Georgia Tech’s margin of error getting thinner

Georgia Tech will play Georgia Southern on Saturday at Bobby Dodd Stadium.

Facing fourth-and-4 at Pittsburgh’s 36-yard line and trailing by one early in the third quarter, Georgia Tech coach Paul Johnson made a decision that he has made many times: he went for it.

Quarterback Justin Thomas dropped back, the offensive line gave him enough time, and he zipped a pass to wide receiver Mikell Lands-Davis … who dropped it. Had it been caught, Tech would have had a first down and likely would have come away with at least a field goal. Thomas was visibly aggravated after the drop before recovering and running to the sideline.

It was just one mistake, but it's the type of mistake that Johnson has repeatedly this season said Tech can't afford to make. Their margin for error is simply not great enough to overcome an opponent as well as themselves. Every play needs to be executed as if it could decide the game.

“It’s a thin line,” Johnson said. “Except for a few teams in the country, there’s really a thin line between most of the teams.”

Pittsburgh may not have the athletes of Clemson or Miami, but mistakes made by Tech like the drop by Lands-Davis contributed to the demise. Now, Georgia Tech will try to find enough polish to take care of Georgia Southern on Saturday at Bobby Dodd Stadium.

The margin is so fine for many reasons that Johnson has noted throughout the season: the team is inexperienced on offense with just two seniors in the starting 11. Mistakes are being made, or rather better plays not being made, because most the players are still learning what’s right and what they can’t get away with. The defense, going back to last season, features several senior starters but hasn’t shown an ability to consistently rush the passer and therefore create turnovers or impact plays to swing momentum. Combine those issues with Tech playing very few ACC programs that would be considered sub-standard and the Yellow Jackets right now have to play very, very well to increase their chances of victory with a two-deep roster that is still learning how to do so in practice.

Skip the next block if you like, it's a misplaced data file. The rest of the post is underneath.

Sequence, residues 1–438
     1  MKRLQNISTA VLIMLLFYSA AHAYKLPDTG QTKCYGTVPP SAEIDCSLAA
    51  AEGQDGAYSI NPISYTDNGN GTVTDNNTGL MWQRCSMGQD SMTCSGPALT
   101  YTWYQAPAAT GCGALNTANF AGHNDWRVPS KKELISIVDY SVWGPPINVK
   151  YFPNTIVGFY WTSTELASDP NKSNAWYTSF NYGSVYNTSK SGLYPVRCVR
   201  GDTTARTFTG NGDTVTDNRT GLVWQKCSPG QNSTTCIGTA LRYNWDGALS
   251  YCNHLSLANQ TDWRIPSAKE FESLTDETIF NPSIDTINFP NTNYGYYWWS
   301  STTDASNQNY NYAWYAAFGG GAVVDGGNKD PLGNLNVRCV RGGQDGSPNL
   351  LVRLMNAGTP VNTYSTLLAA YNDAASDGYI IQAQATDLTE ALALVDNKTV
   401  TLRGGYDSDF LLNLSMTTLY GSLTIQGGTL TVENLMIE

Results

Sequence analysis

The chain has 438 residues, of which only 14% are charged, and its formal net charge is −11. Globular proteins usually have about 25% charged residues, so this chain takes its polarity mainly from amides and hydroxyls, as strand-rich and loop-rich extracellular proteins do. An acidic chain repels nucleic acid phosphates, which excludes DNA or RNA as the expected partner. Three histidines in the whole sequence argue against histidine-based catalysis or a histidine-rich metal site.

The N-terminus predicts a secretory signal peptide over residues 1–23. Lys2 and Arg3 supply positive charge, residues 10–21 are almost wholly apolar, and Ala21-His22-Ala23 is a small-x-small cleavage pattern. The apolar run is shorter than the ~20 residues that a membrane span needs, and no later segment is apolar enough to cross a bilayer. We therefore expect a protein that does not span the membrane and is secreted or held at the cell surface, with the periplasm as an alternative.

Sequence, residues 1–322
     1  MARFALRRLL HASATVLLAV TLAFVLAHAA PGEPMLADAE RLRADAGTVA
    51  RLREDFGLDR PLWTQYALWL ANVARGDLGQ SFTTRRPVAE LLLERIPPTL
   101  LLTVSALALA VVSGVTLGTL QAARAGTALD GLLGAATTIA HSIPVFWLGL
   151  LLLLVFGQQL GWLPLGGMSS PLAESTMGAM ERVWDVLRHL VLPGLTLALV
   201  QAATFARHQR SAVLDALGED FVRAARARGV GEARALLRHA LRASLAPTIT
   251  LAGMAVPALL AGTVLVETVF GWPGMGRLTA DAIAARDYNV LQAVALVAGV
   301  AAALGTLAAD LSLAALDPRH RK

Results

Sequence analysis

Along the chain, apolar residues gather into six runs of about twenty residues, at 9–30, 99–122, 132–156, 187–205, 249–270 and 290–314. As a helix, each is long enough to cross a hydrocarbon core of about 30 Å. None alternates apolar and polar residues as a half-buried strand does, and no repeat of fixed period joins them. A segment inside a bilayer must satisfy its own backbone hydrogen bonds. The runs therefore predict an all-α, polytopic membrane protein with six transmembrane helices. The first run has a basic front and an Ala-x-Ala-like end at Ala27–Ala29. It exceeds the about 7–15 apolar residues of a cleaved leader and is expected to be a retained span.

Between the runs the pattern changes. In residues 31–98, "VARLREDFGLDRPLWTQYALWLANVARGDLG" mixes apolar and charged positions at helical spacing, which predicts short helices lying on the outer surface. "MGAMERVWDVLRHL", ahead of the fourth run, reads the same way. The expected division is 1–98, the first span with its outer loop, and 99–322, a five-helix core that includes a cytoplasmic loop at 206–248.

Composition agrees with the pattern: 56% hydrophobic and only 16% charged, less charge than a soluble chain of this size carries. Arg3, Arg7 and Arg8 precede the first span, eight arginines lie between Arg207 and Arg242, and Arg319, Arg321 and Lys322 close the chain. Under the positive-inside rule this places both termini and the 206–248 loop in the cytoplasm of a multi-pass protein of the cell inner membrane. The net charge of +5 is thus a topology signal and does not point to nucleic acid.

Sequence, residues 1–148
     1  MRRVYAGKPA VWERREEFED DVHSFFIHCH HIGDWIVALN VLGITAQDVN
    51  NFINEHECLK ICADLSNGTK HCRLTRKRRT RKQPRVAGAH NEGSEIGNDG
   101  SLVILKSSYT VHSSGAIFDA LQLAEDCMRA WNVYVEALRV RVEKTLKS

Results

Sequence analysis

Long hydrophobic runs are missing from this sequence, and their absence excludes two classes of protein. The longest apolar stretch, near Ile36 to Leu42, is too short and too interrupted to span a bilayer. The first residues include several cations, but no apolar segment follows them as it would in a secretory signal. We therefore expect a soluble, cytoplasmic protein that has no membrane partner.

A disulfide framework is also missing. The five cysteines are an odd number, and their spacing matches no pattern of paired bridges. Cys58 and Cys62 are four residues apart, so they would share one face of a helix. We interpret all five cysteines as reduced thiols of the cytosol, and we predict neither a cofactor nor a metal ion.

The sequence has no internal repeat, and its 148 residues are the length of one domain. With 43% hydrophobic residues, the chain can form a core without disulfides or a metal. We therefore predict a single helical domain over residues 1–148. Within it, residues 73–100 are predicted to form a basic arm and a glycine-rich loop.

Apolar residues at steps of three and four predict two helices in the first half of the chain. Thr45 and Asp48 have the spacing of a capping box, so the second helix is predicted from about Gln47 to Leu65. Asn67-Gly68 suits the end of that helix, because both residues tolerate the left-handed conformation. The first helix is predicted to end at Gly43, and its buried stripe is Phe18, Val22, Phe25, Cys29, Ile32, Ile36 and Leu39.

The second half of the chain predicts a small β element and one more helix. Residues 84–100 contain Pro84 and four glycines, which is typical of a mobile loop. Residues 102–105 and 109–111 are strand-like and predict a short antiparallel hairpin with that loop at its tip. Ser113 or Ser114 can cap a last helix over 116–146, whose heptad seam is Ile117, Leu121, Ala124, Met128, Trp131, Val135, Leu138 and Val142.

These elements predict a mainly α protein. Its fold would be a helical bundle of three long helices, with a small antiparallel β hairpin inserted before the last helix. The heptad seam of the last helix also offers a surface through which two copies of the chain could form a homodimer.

“The more positive things you do the more confidence you have because those are your habits,” defensive coordinator Ted Roof said. “We try to create good habits on the practice field because gameday is just a reflection of our habits. We have to continue to work on that. We all have to continue to work and get better and that’s what we will do.”

There has been example after example in each of Tech’s losses this seasons of small mistakes made that, should the Yellow Jackets fail to reach bowl eligibility for the second consecutive season, likely won’t be remembered by supporters, but will become teaching tools for the coaching staff going forward.

And the mistakes are happening on both sides of the ball.

Twice Lance Austin has had chances for interceptions – including one against Pittsburgh that likely would have been returned for a touchdown – only to see the ball either bounce off his hands or go right through them. Adding insult to the miss, the pass that went through his hands was caught by Miami’s Stacy Coley and turned into a big gain.

“Hopefully I can finish and get one,” Austin said.

There’s more: wide receiver Brad Stewart ran out of bounds a yard short of the first-down marker against Pittsburgh, setting up the pivotal fourth-and-1 that Tech couldn’t convert. That mistake gave Pittsburgh the ball on the 34-yard line and set up the game-winning touchdown as time expired.

Even Justin Thomas isn’t immune. It appears that he missed a read running the option on third-and-3 on Tech’s opening drive against Pittsburgh that resulted in a field goal instead of a possible touchdown.

These are the types of errors that have led to Tech going 3-9 last year, and 3-3 this season with three consecutive losses.

“You just have to keep plugging and keep coaching and keep working,” Johnson said. “You’ve got two choices: you either work and get better … guys aren’t dumb. They can look at the tape and see what happened. They know. You just have to make plays.”

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